Thermal Striping in LWR Piping Systems Progress Report: September 2001 through August 2002

Report Date: 

August 2002




This report summarizes the progress of the MIT/TEPCO project entitled “Thermal Striping in LWR Piping Systems” during the second year. Progress during the first year was summarized in the MIT CANES report MITR-NSP-TR-007. Thermal striping has raised safety concerns due to incidents at some nuclear power plants. The current study investigates thermal striping at tee junctions of light water coolant systems through numerical simulations. A series of benchmark and sensitivity study was performed through the first and second year of this project.

Further improved results were obtained from FLUENT simulations during the second year due to several refinements. These include: use of a smaller time step (~ 1 ms vs. 10-50 ms), an improved sub-grid scale model, a refined tee junction geometry, and the use of a central –differencing spatial discretization scheme. Sensitivity studies of these refinements and the flow velocity ratios are described in this report.

A new version of FLUENT, FLUENT6.0, was released in January 2002. All calculations that were performed since March 2002 used FLUENT6.0. Although modifications in FLUENT6.0 do not involve enhancements of LES subgrid models, one feature related to LES in FLUENT6.0 is the incorporation of the second-order accurate central-differencing scheme. The central-differencing scheme is available for the momentum equations when using the LES turbulence model. This scheme provides improved accuracy for LES calculations. A sensitivity study was performed to compare the calculated results using the second order upwind and the central differencing schemes. Comparisons of the normalized temperatures show that the central differencing scheme produces significantly higher temperature fluctuations than the secondary upwind scheme at all three azimuthal positions. It is also noted to have a significant effect in turbulent mixing which in turn promotes a more uniform temperature distribution in the main coolant flow down stream the tee junction. However, one problem associated with use of the central-differencing scheme is that it can produce unbounded solutions and can lead to stability problems. Overshoot and undershoot of the calculated coolant temperatures were both found when the central-differencing scheme was chosen.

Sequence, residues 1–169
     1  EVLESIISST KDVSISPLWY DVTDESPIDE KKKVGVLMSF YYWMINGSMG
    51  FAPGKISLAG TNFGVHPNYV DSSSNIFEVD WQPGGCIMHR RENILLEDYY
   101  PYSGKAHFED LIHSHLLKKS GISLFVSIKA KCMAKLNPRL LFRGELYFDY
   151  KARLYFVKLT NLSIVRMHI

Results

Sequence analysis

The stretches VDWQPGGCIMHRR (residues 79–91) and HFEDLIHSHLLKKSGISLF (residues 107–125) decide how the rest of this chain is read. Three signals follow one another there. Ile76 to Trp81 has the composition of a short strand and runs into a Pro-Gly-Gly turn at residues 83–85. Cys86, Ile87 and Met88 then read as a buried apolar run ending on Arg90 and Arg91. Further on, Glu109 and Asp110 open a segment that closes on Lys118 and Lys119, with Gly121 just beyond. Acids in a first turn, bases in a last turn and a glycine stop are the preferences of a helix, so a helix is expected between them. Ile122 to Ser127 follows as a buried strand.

• NSP

    Nuclear Systems Enhanced Performance


  • PR

RPT. No.: